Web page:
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The Power of Vector Drawing

Thursday 20 May, 2004, 02:31 PM

One of the goals of Avalon is resolution independence. Flat panel display resolutions are increasing - my laptop has a pixel density of about 150ppi (pixels per inch); IBM offer a 200ppi display. Historically, GUIs have tended to rely on bitmaps to represent images, but because these are essentially big lists of pixel values, the resulting images get smaller as your screen resolution gets higher. At 150ppi I don't find it a big problem, although I almost always get comments about how tiny the text is when people see my laptop screen. (But that's mainly because I've always used 9pt for text editing...) By the time you get to 200ppi however, bitmaps designed for the 'standard' 96ppi resolution start to look silly.

We hit this problem long ago with printing - low end laser printers typically have resolutions of 300dpi, and it's not uncommon to see 2400dpi used in professional typesetting. (dpi=dots per inch; dpi is the usual term in printing. For LCD displays we tend to use ppi because with a colour display, individual pixels are subdivided into coloured segments; it wouldn't be completely clear what you meant with dpi applied to a flat panel - is that the pixel resolution or the segment resolution?) Bitmaps clearly weren't the way to go here. Consequently, the advent of high-resolution digital printing came hand in hand with the development of scalable fonts. Rather than storing typefaces as bitmap images, they are stored as sets of coordinates defining the shapes of the outline of the characters. These coordinates can be mathematically transformed to scale, or rotate the letter shapes before generating the final output bitmap. (That's what we mean by 'scalable' in a graphical context; this obviously has nothing to do with scalability in multi-user systems.)

The same kind of technology has existed for years in Windows - GDI32 has always supported scalable drawing with the same Bezier curve primitives that most scalable typefaces. It is possible to draw in a resolution independent way with these APIs. It's just that few people bother because bitmaps were so much easier to use.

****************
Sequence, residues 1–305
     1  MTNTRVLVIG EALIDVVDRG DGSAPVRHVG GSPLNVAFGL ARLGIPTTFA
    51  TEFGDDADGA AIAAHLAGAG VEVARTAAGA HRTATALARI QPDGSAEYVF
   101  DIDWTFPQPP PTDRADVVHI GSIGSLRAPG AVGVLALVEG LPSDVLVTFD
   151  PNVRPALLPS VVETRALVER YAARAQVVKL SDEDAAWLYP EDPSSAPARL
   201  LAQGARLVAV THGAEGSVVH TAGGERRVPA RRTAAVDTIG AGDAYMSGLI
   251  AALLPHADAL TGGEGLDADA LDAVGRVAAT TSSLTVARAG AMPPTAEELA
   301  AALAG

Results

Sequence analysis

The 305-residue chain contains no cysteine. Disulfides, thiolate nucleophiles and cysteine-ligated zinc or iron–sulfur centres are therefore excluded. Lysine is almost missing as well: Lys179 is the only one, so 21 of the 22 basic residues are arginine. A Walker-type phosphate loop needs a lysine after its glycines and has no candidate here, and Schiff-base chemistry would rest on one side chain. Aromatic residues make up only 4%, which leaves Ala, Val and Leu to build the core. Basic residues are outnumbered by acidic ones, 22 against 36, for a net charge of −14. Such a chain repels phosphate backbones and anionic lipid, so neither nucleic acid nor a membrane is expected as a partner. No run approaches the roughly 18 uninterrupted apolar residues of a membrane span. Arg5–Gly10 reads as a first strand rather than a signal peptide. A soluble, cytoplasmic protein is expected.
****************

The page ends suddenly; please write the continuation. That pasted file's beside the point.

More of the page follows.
Fortunately, Avalon makes it trivial to use scalable primitives in your UI, so now there's no excuse. (And Microsoft is setting a good example by making its own controls scalable.)

Vector Scepticism

However, there seems to be a widespread belief that you just can't draw certain kinds of things with vector representations. People often seem to think that bitmaps are necessary to get anything looking at all realistic. This attitude is likely to be bolstered in the short term when people make their first forays into scalable UIs, and we see some truly dreadful-looking UIs. I'm guessing that a lot of the people investigating Avalon at the moment are, like me, technical people with minimal drawing skills. (There are of course notable exceptions.) So expect the early Avalon UIs to look just as good as the swathe of aesthetic crimes of the mid to late 1980s when home computers and PCs first started to ship with something better than character graphics as standard.

(I suspect there is a specific example in the WinHEC build (4074) of Longhorn. The icons in the games folder all have the look of being vector images. Note in particular that for some reason, the Windows Explorer view of that folder isn't anti-aliasing any of the images, but if you open a properties window on any of the games, you'll see the same icon appear, but with all the edges nicely smoothed. Unfortunately, these images don't look at all polished - to me they seem like a significant step back from the typical quality of your average Windows icon. However, it would be a mistake to assume that this is an intrinsic problem with vector images.)

The fact is that you can achieve amazing images with vector-based drawings. I recommend you take a look at some of the sample images on this site. (BTW, a very long time ago I used to work for these guys. They weren't called Xara back then - they were called Computer Concepts, and they were writing software for Acorn's RISC OS-based computers, not PCs. Some of their demo images were originally drawn on the Acorn version of their drawing program, which was called Artworks. The picture of the MG Midget dates back to then for example, as does the old-style Mini you'll find if you dig around the gallery.)

I think some of the demonstration pictures are of astonishingly high quality, and every single one of them is a vector image - a scalable, resolution independent image.

So don't be tempted to write off the viability of vector representations as a tool for photo realism simply because images that developers like myself might happen to produce are rubbish. Dammit Jim! I'm a developer, not an artist!

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